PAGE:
Tag Archives: migrant workers

New Research Article: Multi-Stakeholder Frameworks for Rectification of Non-Compliance in Cleaning Supply Chains

There is now an expanding body of literature on the significant problem of business non-compliance with minimum labour standards including ‘wage theft’. Extended liability regulation beyond the direct employer is seen as one solution to this non-compliance in fragmented but hierarchically organised industries—such as the cleaning industry. This article uses empirical evidence to assess the effectiveness of one such regulatory scheme, the Cleaning Accountability Framework (CAF), in addressing non-compliance with minimum labour standards (including provisions of the Fair Work Act 2009 (Cth) and the Cleaning Services Award 2020). We find that CAF has been successful in identifying and rectifying certain non-compliance, improving working conditions for some cleaners involved in the scheme. We synthesise the key success factors of CAF in view of envisioning the adoption of such co-regulation frameworks in other industries. We also propose legal reforms that will support change across the cleaning industry.

The article was published in the Federal Law Review.

Why do Companies Find it so Hard to Choose Between Profit and Principle?

Businesses with ties to the Xinjiang province in China find themselves at a junction.

Caught in debates concerning Uyghur people being the victim of modern slavery and genocide, they must deal with concerns expressed by Western governments and human rights groups, and an increasingly agitated Chinese Communist Party.

Some commentators have suggested that foreign companies that (in)directly profit from the systematic exploitation of Uyghurs in China must choose between profit and principle.

It seems like a straightforward question: do companies want to profit from the state-organised repression, exploitation and extermination of an ethnic minority, or do companies condemn the treatment of Uyghur people in China and deal with the backlash?

The conundrum underlying the question is as old as capitalism itself: what social costs are we willing to accept in order for companies to make a profit?

Continue reading Why do Companies Find it so Hard to Choose Between Profit and Principle?

Book Review: “Addressing Modern Slavery”

When the Bill that became the Modern Slavery Act 2018 (Cth) was introduced into the federal parliament, it was accompanied by a grim message: two centuries after the abolition of the slave trade in the United Kingdom, it is estimated that there are twenty-five million victims of modern slavery worldwide. It also came with a bracing if Panglossian promise: that the Modern Slavery Act would ‘transform’ the way large companies in Australia do business, and drive a ‘race to the top’. Published a year after the introduction of this legislation, Addressing Modern Slavery is a timely reflection on the pervasiveness of modern slavery in global supply chains – and on the role of the state, business, and other actors in combating this serious and complex problem.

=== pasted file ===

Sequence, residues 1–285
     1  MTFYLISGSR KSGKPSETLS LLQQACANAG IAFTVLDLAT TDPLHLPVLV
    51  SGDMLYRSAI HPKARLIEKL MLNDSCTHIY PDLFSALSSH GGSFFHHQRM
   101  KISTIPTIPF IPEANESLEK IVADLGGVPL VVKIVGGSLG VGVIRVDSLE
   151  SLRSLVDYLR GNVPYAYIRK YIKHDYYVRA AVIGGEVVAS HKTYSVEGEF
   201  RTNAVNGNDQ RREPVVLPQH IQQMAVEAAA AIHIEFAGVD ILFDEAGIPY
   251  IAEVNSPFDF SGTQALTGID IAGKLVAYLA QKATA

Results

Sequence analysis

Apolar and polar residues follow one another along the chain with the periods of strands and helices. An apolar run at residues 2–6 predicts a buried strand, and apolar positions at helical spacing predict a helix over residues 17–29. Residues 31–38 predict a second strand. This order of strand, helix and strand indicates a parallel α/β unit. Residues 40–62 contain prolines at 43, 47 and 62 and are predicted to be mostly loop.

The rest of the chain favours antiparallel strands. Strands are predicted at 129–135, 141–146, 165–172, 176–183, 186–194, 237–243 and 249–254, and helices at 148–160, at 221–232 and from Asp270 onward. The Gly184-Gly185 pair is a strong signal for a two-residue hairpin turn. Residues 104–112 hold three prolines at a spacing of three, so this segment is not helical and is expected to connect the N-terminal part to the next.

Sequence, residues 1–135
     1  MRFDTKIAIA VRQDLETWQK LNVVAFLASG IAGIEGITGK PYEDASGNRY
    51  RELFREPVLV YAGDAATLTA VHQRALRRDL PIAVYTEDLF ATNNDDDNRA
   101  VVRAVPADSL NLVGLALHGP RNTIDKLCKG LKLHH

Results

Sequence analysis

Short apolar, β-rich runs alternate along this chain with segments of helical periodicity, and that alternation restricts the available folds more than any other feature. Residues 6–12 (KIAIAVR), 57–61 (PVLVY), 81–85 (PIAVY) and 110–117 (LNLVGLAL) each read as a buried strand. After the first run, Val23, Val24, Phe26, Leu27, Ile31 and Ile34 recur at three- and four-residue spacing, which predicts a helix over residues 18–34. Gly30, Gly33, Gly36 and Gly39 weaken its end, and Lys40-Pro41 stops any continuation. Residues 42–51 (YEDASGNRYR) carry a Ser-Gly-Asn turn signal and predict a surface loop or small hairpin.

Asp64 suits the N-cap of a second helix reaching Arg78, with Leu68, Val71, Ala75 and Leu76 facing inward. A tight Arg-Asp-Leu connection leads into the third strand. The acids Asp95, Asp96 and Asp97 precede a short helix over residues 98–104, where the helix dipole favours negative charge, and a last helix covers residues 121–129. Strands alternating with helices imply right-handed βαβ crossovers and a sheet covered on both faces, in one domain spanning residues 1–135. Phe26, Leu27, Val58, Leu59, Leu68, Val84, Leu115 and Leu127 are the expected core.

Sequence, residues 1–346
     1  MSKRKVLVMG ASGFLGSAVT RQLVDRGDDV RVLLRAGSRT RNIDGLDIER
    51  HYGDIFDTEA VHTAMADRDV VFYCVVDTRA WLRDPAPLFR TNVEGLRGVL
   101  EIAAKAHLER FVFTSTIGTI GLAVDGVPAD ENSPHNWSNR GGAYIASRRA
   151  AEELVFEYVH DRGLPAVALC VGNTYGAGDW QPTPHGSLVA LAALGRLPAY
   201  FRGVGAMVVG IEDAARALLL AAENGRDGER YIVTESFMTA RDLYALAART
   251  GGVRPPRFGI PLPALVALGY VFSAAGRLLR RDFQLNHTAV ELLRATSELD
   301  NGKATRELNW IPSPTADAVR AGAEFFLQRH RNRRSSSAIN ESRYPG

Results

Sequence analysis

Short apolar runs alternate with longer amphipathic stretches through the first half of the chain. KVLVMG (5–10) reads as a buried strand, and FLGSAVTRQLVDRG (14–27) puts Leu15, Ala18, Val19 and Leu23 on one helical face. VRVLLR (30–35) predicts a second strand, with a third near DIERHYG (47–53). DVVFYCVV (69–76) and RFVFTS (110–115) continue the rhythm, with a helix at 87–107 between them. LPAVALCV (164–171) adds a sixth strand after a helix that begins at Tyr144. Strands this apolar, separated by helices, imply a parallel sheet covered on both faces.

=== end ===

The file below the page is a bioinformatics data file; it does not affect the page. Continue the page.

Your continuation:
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New book reveals modern slavery is all around us

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It’s estimated that 40.3 million people are enslaved around the world.

For many Australians, the concept of modern-day slavery may seem implausible. But it’s estimated that 40.3 million people are enslaved around the world, more than ever before in human history.

The Global Slavery Index estimates 15,000 people were living in modern slavery in Australia in 2018.

Addressing Modern Slavery examines how consumers, business and government can help eradicate one of the big challenges of our time.

Continue reading New book reveals modern slavery is all around us

Message to Coles, Woolworths: Act now to end modern slavery

The Australian horticultural sector is one of the most at-risk industries for modern slavery.